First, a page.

The outgoing president has welcomed the incoming president to the White House.
It was the first time back in Washington for President-elect Barack Obama and his wife, Michelle, since the election. Their White House visit, coming some 10 weeks before Inauguration Day, mixed hospitality with business. While first lady Laura Bush gave Michelle Obama a tour of the second-floor residence of the Executive Mansion, President Bush and Obama talked for nearly two hours.
The long motorcade, presidential in every way except for officially, entered the White House grounds at 1:46 p.m. The black limousine carrying the president-elect and his wife stopped beneath a sun-bathed Truman Balcony.
Photographers captured the moment as the Obamas stepped from the car and exchanged greetings with the president and the first lady.
There were smiles, handshakes and pats on the back — and then a turn to pose for the cameras before stepping inside.
There was no on-camera statement.
Just before the arrival, White House Press Secretary Dana Perino noted that it would be the first one-on-one meeting between the two men.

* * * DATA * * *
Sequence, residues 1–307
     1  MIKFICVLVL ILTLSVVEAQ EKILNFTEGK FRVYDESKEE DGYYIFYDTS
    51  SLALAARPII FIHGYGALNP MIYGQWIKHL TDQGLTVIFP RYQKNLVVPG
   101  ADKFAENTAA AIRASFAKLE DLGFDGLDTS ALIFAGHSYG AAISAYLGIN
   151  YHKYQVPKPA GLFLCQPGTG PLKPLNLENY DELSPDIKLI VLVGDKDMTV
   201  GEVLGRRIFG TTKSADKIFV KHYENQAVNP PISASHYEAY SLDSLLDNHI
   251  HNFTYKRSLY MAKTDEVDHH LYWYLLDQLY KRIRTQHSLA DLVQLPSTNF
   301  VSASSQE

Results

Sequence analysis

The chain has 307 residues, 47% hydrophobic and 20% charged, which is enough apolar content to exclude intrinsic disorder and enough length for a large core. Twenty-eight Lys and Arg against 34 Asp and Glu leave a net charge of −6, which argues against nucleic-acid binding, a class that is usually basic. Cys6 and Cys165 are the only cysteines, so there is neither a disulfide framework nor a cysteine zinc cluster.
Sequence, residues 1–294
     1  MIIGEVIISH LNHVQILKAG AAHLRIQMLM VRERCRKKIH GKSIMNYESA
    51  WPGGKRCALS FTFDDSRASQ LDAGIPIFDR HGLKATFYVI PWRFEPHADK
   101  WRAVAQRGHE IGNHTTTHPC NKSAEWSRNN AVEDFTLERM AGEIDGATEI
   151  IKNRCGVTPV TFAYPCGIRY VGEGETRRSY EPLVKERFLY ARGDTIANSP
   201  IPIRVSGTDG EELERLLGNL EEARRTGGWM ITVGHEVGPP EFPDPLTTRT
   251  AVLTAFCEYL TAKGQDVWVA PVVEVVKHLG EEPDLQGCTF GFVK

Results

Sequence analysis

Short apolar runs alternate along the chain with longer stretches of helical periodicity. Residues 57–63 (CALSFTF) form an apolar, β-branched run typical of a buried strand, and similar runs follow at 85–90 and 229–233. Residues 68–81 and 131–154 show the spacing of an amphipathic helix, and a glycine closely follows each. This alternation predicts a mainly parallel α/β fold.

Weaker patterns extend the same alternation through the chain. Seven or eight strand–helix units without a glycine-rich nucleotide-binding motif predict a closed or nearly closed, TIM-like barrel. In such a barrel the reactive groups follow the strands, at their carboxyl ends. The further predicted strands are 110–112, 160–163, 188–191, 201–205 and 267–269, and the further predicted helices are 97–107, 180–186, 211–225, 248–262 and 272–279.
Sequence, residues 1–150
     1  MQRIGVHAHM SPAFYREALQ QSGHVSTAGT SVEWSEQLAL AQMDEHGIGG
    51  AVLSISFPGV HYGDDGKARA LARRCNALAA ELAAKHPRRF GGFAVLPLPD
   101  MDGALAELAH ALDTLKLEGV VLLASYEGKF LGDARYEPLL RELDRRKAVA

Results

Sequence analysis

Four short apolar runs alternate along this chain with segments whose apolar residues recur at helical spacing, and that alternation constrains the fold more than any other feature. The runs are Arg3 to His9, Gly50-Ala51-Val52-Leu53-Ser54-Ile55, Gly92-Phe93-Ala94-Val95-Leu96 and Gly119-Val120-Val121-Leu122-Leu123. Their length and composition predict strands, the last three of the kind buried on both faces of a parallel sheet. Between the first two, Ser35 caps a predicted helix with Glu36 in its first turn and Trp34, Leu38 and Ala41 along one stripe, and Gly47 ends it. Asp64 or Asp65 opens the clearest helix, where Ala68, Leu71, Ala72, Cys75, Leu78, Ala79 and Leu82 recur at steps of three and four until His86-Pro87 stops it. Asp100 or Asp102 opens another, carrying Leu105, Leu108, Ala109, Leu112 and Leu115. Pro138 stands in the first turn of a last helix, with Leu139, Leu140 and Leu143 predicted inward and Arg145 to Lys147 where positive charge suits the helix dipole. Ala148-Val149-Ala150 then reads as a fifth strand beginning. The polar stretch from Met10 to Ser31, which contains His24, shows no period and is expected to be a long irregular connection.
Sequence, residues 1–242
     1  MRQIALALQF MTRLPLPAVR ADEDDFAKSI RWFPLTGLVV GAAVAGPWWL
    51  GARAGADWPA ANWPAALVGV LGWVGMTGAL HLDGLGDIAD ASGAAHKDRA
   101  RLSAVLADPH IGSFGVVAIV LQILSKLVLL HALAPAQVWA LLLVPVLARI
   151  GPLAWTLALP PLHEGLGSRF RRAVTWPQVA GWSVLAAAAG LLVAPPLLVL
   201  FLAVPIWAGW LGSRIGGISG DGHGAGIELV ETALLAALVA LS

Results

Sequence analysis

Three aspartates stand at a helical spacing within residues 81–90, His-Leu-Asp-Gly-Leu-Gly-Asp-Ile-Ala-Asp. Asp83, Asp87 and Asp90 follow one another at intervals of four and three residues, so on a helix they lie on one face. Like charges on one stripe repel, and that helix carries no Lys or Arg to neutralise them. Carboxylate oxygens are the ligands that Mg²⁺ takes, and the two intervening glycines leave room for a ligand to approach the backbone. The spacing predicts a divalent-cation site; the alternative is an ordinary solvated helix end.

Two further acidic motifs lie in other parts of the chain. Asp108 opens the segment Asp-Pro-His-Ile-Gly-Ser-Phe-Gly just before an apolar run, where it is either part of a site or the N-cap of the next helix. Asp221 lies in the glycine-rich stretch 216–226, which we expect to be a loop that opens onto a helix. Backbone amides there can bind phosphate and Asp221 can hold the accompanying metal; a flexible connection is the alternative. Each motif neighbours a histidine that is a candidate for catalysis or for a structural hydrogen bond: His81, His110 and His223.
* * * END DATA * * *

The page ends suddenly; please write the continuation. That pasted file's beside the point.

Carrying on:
"And, obviously, there's the Mrs. Obama and Mrs. Bush meeting, which is going to talk about how they will make their life here and how they will make the house a home, and all the help that will be at their disposal in order for them to do that," Perino said.
On their way to what would also be Obama's first visit to the Oval Office, Bush and Obama walked along the White House Colonnade, which runs along the north edge of the Rose Garden.
Towson University presidential scholar Martha Joynt Kumar says it is significant that this meeting is taking place less than one week after the election.
"Usually a president meets the president-elect later in the transition period," she says. "This time it's different, and it's different because of the realities of two wars and an economic crisis."
Joynt Kumar says the Bush White House put procedures in place well before the outcome of the election was known to ensure the transition at this critical time in U.S. history would go smoothly. Congress also passed a law four years ago to make it possible for incoming teams to get security and other necessary clearances, so they can be better prepared on the first day of the new administration.
Perino was asked if there would be any awkwardness, given the strong criticisms Obama had of Bush during the campaign.
"It's always amazed me how President Bush is able to let heated rhetoric like that just slide off his back and move forward and do what he thinks is right for the country," she said. "Obviously, right now, the most important thing we can do is ensure a smooth transition to Barack Obama and his team. And that's what he's committed to doing."
And, Perino stressed, this won't be the only conversation that Bush and Obama will have.